By Susan Davis Gryder 2016-06-13 17:38:47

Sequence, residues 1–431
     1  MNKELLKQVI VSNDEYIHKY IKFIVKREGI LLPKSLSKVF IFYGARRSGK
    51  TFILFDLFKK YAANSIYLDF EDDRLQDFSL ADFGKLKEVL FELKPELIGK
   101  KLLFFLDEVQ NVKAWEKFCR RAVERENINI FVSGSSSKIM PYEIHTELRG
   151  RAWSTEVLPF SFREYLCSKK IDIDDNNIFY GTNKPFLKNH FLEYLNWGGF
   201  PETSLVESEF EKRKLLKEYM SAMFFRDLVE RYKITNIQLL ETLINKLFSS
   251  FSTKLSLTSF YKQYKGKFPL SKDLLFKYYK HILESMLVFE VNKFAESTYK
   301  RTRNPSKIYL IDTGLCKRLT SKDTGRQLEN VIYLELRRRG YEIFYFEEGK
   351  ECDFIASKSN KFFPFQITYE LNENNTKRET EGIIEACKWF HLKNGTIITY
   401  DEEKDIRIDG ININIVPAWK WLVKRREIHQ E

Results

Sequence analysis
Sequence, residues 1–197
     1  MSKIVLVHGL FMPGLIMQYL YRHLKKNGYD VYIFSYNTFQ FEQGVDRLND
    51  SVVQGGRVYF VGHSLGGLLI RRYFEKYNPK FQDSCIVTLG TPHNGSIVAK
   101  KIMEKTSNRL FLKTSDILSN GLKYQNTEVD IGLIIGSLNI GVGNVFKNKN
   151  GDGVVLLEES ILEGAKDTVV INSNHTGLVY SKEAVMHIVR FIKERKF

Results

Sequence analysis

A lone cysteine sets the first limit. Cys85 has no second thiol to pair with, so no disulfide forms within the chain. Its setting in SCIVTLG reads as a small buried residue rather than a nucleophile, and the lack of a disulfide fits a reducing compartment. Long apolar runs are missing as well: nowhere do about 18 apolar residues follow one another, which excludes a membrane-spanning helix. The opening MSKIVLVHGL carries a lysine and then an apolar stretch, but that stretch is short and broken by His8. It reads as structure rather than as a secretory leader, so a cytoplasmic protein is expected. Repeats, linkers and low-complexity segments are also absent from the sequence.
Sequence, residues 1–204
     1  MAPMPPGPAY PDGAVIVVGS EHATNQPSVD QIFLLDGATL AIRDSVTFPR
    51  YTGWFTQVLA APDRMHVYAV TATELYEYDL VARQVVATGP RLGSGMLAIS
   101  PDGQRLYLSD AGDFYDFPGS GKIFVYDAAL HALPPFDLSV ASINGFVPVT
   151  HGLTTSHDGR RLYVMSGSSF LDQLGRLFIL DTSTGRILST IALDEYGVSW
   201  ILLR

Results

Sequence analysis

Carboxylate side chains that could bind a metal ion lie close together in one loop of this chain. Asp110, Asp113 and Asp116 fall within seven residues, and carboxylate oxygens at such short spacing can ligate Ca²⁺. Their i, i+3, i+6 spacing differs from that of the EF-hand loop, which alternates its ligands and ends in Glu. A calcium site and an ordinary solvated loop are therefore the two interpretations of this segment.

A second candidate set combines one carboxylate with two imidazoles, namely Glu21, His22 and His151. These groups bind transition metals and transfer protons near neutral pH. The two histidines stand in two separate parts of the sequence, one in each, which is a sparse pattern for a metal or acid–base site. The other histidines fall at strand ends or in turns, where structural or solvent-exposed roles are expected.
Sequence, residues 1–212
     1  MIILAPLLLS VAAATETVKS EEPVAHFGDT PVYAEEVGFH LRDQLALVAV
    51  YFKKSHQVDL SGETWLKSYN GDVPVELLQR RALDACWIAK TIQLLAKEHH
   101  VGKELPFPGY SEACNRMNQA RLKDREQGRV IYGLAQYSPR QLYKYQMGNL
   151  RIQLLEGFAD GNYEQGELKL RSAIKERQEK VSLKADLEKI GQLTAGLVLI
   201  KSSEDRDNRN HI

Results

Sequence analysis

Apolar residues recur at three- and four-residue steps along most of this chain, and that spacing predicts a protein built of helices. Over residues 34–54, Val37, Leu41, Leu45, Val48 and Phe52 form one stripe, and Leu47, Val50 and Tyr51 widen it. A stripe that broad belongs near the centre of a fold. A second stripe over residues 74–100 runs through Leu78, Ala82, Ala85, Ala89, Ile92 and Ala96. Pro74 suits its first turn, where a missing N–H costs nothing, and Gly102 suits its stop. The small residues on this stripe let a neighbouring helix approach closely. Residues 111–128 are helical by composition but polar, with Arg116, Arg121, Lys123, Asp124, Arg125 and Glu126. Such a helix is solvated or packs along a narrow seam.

Understand how adult learning disabilities may be quashing your potential and your happiness at work and at home. JEAN IS A GREAT CAFETERIA WORKER. She’s efficient, acts as a mentor to new staff members and is beloved by kids. The foodservice director is eager to promote her, but Jean insists she doesn’t want a promotion. She says she doesn’t have time to attend the district’s HR classes, mandatory for everyone in a supervisory position. Puzzled, the director asks Jean several times to reconsider, but finally moves on to another, less-qualified candidate for the job. LARRY DRIVES A DELIVERY TRUCK FOR A LARGE FOOD DISTRIBUTOR. His regular customers love his friendly demeanor, but when the boss calls to ask him to make an extra stop or change the order of his deliveries, Larry turns up late or not at all. His boss likes Larry but is afraid he’ll lose hard-won new business and, frankly, is tired of fielding calls from irritated customers. Eventually, he lets Larry go. RACHEL HAS UNDERGONE FOOD SAFETY TRAINING and takes care to note the holding temperature of the BBQ chicken before it’s served in the cafeteria. It’s a busy, noisy day in the cafeteria kitchen, with food deliveries arriving and the cafeteria manager is training a group of new employees. Rachel notes the temperature in the log, but switches the numbers without realizing it. The manager checks the log and, alarmed, throws away two full pans of food. These three foodservice employees are smart, capable adults who have one important thing in common: each one has a learning disability. Jean suffers from dyslexia, and struggles with reading. She is afraid to attend the HR class, which involves classwork and textbooks; in fact, Jean avoids any situation where others might find out that she’s barely able to read at all. When there is paperwork to complete, she brings it home, spending hours deciphering it and memorizing its appearance, so she can recognize it the next time. Larry also has a learning disability. He has difficulty processing auditory information, meaning he can’t easily follow and remember the instructions the boss gives him over the phone. Since he can’t write them down while he’s driving, he gets confused about what he’s been asked to do. And Rachel has ADHD and dysgraphia. She finds it difficult to concentrate when there’s a lot of activity in the workplace, and frequently transposes numbers when writing. Like many adults, Jean, Larry and Rachel may not know they have a learning disability. But they feel, profoundly, the struggle and even shame that many adults with learning disabilities live with every day. WHAT IS A LEARNING DISABILITY? A learning disability (frequently shortened to “LD”) is a neurological condition that affects a person’s ability to process information. This may lead to difficulties with skills such as reading or math, as well as issues like social competence, management of emotions, abstract reasoning, time planning, organization and attention. Common learning disabilities include: • processing disorders (difficulty processing information received through hearing, seeing or via language); • difficulty with reading (dyslexia); • difficulty with writing (dysgraphia); and • difficulty with arithmetic (dyscalculia). A person with dyslexia, for example, may not be able to distinguish among letters that are similar, such as p, b, q and d. She or he might perceive text as jumping around a page or bunched together. A person with an auditory processing disorder might seem hard of hearing. In reality, she or he has excellent hearing, but struggles to understand what is being heard. This person might have a hard time filtering out background noise, understanding nonliteral language like inferences and jokes and remembering sequential tasks or lists. There are other neurological conditions that are related to LDs and manifest with some of the same consequences; these include attention deficit hyperactivity disorder (ADHD), executive functioning disorders and memory disorders. People with ADHD have difficulty paying attention and staying on task; depending on the type of ADHD, they may or may not appear hyperactive. In fact, some people with ADHD can hyperfocus on one absorbing task for long periods of time. Executive functioning disorders affect a person’s ability to execute daily tasks, meet deadlines and plan and organize thoughts and actions. As you can imagine, it’s often difficult to distinguish between these disorders, as several have symptoms in common. A good number of people with LDs may have more than one LD, or, say, ADHD plus an LD. See the chart on page 62 for more on the different LD types and their characterizations. Because LDs are difficult to diagnose, estimates of the number of people affected by LDs range from 4% to as high as 20% of the U.S. population. That’s a lot of people! Within most families, classrooms and workplaces, there is at least one person who has a learning disability. Despite the fact that they are so common, LDs bring with them a lot of misconceptions. Let’s take a look at some of the myths and misperceptions: • LDs are not caused by environmental factors like too much screen time or artificial dyes in food. They are congenital (meaning present at birth) and often run in families. • LDs and ADHD are diagnosed by trained professionals, such as a neuropsychologist, using accepted testing and evaluation methods. • ADHD can be treated with medication; LDs cannot. • People don’t outgrow LDs. They may develop coping skills as they age, but the underlying issue will always be present. • LDs are not associated with lower IQs, laziness or lack of motivation. People with LDs can have very high IQs, and can be quite diligent and persistent. ADULTS: UNAWARE AND FRUSTRATED We tend to think of learning disabilities such as dyslexia as problems facing kids in school, but the lifetime aspect of LDs means there are many adults who struggle to cope with learning disabilities. In fact, it isn’t uncommon for people to get far along in their lives and careers before they discover that they have been living with an LD. After all, the term “learning disability” didn’t exist until 1964. While schools began to address learning disabilities in the 1970s, it wasn’t until the Eighties that they began to be widely discussed and accepted as real conditions. This means that those of us in our forties or older might never have had the opportunity to receive a diagnosis for struggles we faced in school and, later, in our working adult lives. Adults with learning disabilities frequently grapple with feelings of shame, anxiety, depression and inadequacy. They often use coping techniques that they developed as children to avoid being “found out,” such as memorizing instructions they can’t read or taking documents or forms home to fill out “later,” with more time or with the assistance of a family member, rather than risk a supervisor’s scrutiny. They may avoid classroom situations that might highlight their struggles. Some may avoid career advancement opportunities. Many fail to pursue education opportunities, because they believe they are too “dumb” to succeed. Do these actions—and non-actions— sound like those of someone you know and care about? Does it sound like you? Don’t despair—there’s lots of support available, even for people who don’t realize they have a learning disability until well into adulthood! IF YOU THINK YOU HAVE AN LD… If the stories of Jean, Larry or Rachel resonate with you, or you recognize some of the signs of adult LDs (see the boxes on page 62 and 64), you may suspect that you have a learning disability. If so, what’s the next step? Learning disabilities are best diagnosed through an evaluation conducted by an LD education specialist, psychologist or occupational therapist, particularly because it’s sometimes difficult to distinguish among LDs and other conditions. To reach a diagnosis, the evaluator will use a variety of tests and assessments, as well as observation, interviews and data collection. Often, these tools are used together to complete what’s known as a neuropsychological evaluation. These evaluations include both a diagnosis and recommendations on approaches the individual can take to mitigate the effects of his or her LDs. Be warned that neuropsychological evaluations can be expensive, running into the thousands of dollars, although they are sometimes partially covered by insurance. But the results can be life-altering. “It was like getting an owner’s manual,” recounts Ed, an engineer who got a neuropsychological evaluation in his forties, after years of wondering why certain aspects of work and home life were so difficult, such as meeting deadlines, staying organized and tracking household bills. “The diagnoses I received made it all feel normal, because these issues had names and the psychologists had seen them all before. The evaluation felt more like a description of who I am, rather than a list of what was wrong with me.” Ed was diagnosed with ADHD and auditory processing disorder. His evaluation not only allowed him to understand why he struggled with certain tasks and interactions, but to develop strategies to compensate. Examples include turning to technology tools, as well as simply trying to be more open with others, in order to manage expectations and get assistance when appropriate. MAKING LIFE WITH LDS BETTER As Ed learned, knowledge is power, and it’s often the first step to getting help—or helping yourself. There are many resources for adults with LDs (see the box on page 68). For example, adults with LDs related to reading, such as dyslexia, can get help through most established adult literacy programs. Many communities offer these programs at low or no cost. Educational programs for adults with LDs often use multi-sensory methods of teaching, combining visual, auditory and tactile instruction techniques to help students learn and retain information. Even before you seek a diagnosis, there are steps you can take to help yourself manage what might be a learning disability or ADHD. Technology has become an enormous boon to people with LDs and ADHD, who can now use their computers and smartphones to access unique tools. Inexpensive speech recognition software like Dragon allows users to dictate their words instead of typing them, and there are many free or low cost text-to-speech programs that read documents aloud. Another available software, ClaroRead, is specifically designed to support people with dyslexia and other text-based learning disabilities, and it can render phonetic spelling into correct words. It isn’t inexpensive, but free trials are available. Your smartphone can support many apps that help you counteract LDs, often for free or just a few dollars. Talkulator is an app that provides a talking calculator, useful for people who struggle with numbers and math. LetterReflex is a game that helps users overcome common letter reversals. And, of course, there are dozens of apps available to help people organize their notes from classes or meetings, including EverNote, Microsoft One Note and GoodNotes. These apps are particularly useful for those with ADHD and auditory processing disorders that make it difficult to follow verbal instructions. People with ADHD and executive functioning disorder will benefit, also, from task organizers like Daily Routine and Alarmed. To explore the latest options, search for “productivity apps” in your smartphone’s app store. Taking notes in training classes or meetings can present a daunting challenge for adults with LDs. One technology that helps in these situations is the smartpen. Smartpens, such as those sold by Livescribe ($100-$200), record everything that you write in an audio format. Users take notes in a special notebook, and the pen’s audio recordings are linked directly to the notes. By tapping on the paper, the user can hear a playback of whatever was said, and all notes can be uploaded to a computer. THE LETTER OF THE LAW If you have a professionally diagnosed learning disability, federal law protects you from discrimination at school and at work (as long as your employer knows about your disability). The two laws that cover learning disabilities are the Americans with Disabilities Act (the ADA) and Section 4 of the Rehabilitation Act of 1973. These regulations say that a person with an LD can’t be fired or turned down for a promotion, a raise or available training because of the LD, as long as that person can perform the essential functions of the job. Not only are employees with an LD protected from discriminatory actions, their employers must provide reasonable accommodations for the learning disability. For example, an employer might provide a talking calculator for an employee who occasionally needs to use numbers, or allow the employee to leave voicemails instead of sending emails, if writing is an issue. Specialists who work with people with LDs can suggest workplace accommodations to help people with specific LDs. For example, if you work for a school district, the human resources department likely has a policy in place for accommodations and adjustments to job expectations for employees with LDs, as well as specific directions for requesting these. A BRIGHTER FUTURE If you are an adult with a suspected or diagnosed learning disability, you’ve already faced numerous challenges all through school and your career to date. Be proud of all the things you have accomplished! You have overcome disadvantages that others haven’t faced. Ready to take more steps along that path—but with help? By taking advantage of the many supports and tools available, you may open new doors that you hadn’t thought possible. Take a deep breath. Change, even when it’s positive, can be scary. But just imagine the brighter future on the other side of that new door! LEARNING DISABILITIES AT A GLANCE Learning Disability Dyslexia Dyscalculia Dysgraphia Dyspraxia Dysphasia Auditory Processing Disorder Visual Processing Disorder ADHD (Not technically a learning disorder, but affects learning) It Affects . . . Reading Math Writing Fine or gross motor skills Overall language ability Distinguishing sounds Interpreting visual information Attention, organization, self-regulation How It Manifests Itself Problems with word recognition, reading speed, reading fluency, vocabulary Problems doing everyday calculations, understanding time, using money Poor handwriting and spelling, difficulty organizing ideas in writing, difficulty copying information accurately Problems with hand-eye coordination, balance, fine motor tasks like writing or tying a shoe Difficulty retelling a story, speech that isn’t fluent Comprehending spoken language, understanding instructions, distinguishing small differences in words or sounds Difficulty interpreting maps, charts, symbols and pictures; skipping words or lines; misperceiving depth or distance Problems losing work, meeting deadlines, following instructions, staying focused and on task SIGNS OF LDS AND ADHD IN ADULTS Adults with learning disabilities and ADHD can exhibit some of the following characteristics: • Poor spelling • Skipping words while reading • Poor reading comprehension • Messy writing • Frequently crossing out words when writing • Confusing letters and numbers, especially those that are similar • Disorganized writing • Trouble reading charts • Careless mistakes • Losing things frequently • Trouble paying attention • Difficulty following instructions, especially if they are given orally • Difficulty estimating how much time has passed or how long a task will take • A poor sense of direction or confusing left and right • Speaking too loudly or too softly • Speaking too slowly and/or using lots of filler phrases Adapted from understood.org IN GOOD COMPANY Both Hollywood and the professional sports world are full of famous individuals who’ve struggled with learning disabilities and ADHD. Here are just a few names you might recognize! • Whoopi Goldberg—Dyslexia • Steven Spielberg—Dyslexia • Tim Tebow—Dyslexia • Michael Phelps—ADHD • Henry Winkler—Dyslexia and Dyscalculia • Anderson Cooper—Dyslexia • John Irving—Dyslexia • Octavia Spencer—Dyslexia • Justin Timberlake—ADHD • Daniel Radcliffe—Dyspraxia • Ty Pennington—ADHD START YOUR LD JOURNEY There are many local and national organizations that provide support and services to adults with learning disabilities. To get started, check out these sources: • Learning Disabilities Association of America: www.ldaamerica.org • International Dyslexia Association: www.eida.org (this organization has branches across the United States that can help with resources, locating tutors, etc.) • ADDitude: a website and online magazine for people with ADHD and LDs. www.additudemag.com • State vocational rehabilitation agencies: To find one in your area, visit this U.S. Department of Education site: www2.ed.gov/about/contacts/state/index.html • Your city or state’s Literacy Council: Use your web browser to get contact information. Susan Davis Gryder is a freelance writer in Silver Spring, Md.